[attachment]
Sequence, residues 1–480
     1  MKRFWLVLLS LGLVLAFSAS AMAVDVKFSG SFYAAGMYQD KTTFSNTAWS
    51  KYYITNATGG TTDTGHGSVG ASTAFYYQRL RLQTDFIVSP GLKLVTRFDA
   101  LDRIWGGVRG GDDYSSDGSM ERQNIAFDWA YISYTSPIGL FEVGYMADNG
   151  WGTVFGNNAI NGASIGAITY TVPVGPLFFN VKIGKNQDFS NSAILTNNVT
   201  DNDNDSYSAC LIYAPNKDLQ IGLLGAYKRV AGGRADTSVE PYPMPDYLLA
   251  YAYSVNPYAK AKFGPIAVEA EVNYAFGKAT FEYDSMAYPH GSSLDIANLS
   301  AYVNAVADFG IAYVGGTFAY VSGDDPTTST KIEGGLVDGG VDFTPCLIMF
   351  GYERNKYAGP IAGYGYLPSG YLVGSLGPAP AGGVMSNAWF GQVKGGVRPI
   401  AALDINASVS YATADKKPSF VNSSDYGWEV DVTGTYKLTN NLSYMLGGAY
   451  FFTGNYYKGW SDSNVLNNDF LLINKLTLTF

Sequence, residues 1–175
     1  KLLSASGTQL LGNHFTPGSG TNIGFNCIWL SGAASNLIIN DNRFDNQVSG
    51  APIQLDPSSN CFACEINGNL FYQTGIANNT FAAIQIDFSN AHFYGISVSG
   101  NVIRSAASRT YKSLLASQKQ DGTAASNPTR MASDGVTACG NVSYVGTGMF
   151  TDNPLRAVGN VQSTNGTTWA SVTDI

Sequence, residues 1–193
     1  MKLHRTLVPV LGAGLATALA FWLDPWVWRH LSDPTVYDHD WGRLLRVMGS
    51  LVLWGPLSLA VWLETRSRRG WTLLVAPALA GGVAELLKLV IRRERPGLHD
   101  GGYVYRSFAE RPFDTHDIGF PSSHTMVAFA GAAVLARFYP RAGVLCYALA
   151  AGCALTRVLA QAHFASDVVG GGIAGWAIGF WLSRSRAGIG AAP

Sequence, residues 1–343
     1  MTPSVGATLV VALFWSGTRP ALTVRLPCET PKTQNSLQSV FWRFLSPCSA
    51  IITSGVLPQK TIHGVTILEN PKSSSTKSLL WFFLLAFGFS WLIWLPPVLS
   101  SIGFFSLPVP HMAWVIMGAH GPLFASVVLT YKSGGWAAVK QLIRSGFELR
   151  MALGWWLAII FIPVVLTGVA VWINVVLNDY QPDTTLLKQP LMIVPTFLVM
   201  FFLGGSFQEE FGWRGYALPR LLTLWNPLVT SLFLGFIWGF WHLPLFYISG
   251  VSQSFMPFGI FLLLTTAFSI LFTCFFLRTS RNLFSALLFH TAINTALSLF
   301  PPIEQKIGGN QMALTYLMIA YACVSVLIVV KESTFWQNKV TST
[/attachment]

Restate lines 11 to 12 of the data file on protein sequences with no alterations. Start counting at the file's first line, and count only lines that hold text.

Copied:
   451  FFTGNYYKGW SDSNVLNNDF LLINKLTLTF

Sequence, residues 1–175